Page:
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The Tail's The Tell: Dog Wags Can Mean Friend Or Foe

Is that a left wag or a right wag? Scientists have previously shown that dogs tend to wag their tails to their right side when they see something friendly, like their owners. But a new study shows that other dogs can actually pick up on these emotional cues.

Are Farm Veterinarians Pushing Too Many Antibiotics?

When it comes to antibiotics on the farm, it's not always a win-win. And when there's a fight, veterinarians are right in the middle of it, pushed back and forth by conflicting loyalties.

Heat, Drought Draw Farmers Back To Sorghum, The 'Camel Of Crops'

Consumers in search of novelty are turning to once-obscure grains like quinoa, spelt and sorghum. But sorghum's great virtue for farmers is the fact that it can thrive with so little water.
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Boldly Going In Search Of... The USS Enterprise

One of the most iconic spacecraft in the Smithsonian's National Air and Space Museum is tucked away in a basement gift shop.

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This Week On Metro Connection: Wild Cards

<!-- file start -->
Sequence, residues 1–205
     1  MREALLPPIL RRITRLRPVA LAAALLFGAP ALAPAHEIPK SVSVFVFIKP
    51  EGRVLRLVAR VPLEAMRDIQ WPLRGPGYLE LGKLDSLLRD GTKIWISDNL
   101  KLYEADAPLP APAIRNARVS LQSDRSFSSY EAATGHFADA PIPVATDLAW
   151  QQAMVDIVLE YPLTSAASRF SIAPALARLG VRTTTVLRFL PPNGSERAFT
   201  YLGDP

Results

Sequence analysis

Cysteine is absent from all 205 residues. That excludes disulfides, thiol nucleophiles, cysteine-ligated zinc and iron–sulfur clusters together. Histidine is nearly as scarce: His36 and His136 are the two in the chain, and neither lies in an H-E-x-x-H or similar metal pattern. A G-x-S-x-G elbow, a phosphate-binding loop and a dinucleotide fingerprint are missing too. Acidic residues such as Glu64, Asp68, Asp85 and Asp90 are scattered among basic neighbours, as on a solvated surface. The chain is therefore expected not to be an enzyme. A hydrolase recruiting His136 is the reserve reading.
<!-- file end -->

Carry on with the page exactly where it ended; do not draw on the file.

From the environment to school lunches to a local campaign designed to get us dancing in our underwear, we'll bring you an eclectic array of stories on this week's "Wild Cards" show.


AIDS Scientists Encouraged By Antibodies That Hit Monkey Virus

A monkey virus that's a stand-in for HIV plummeted to undetectable levels when animals got potent antibodies of a type recently discovered in some humans. A single antibody injection was enough to do the job.

A Scientific Tour Of The Mysterious 'Dark Universe'

Just in time for Halloween, David Greene talks to astrophysicist Neil deGrasse Tyson about the mysterious "Dark Universe" that surrounds us.

Why Are Kids Who Get Less Candy Happier On Halloween?

In a psychology study using Halloween candy, kids who got a candy bar and a piece of bubble gum were less satisfied than kids who got just a candy bar. The study shows that when we think about experiences, we are significantly biased by how the experience ends.

Burn, Bury Or Scorch? Why Destroying Syria's Chemical Weapons Is Hard

The ingredients used to make chemical weapons aren't environmentally friendly, and until recently the process of disposing of those weapons wasn't either. New rules make disposal safer, but are also a major stumbling block to the dismantling of Syria's stockpiles.

In Sandy's Wake, Flood Zones And Insurance Rates Re-Examined

It's been a year since Hurricane Sandy knocked the mid-Atlantic states for a loop. Scientists say that as sea level rises, such storms are likely to occur more often. But the new, more realistic flood maps could boost flood insurance rates. Will politics trump science?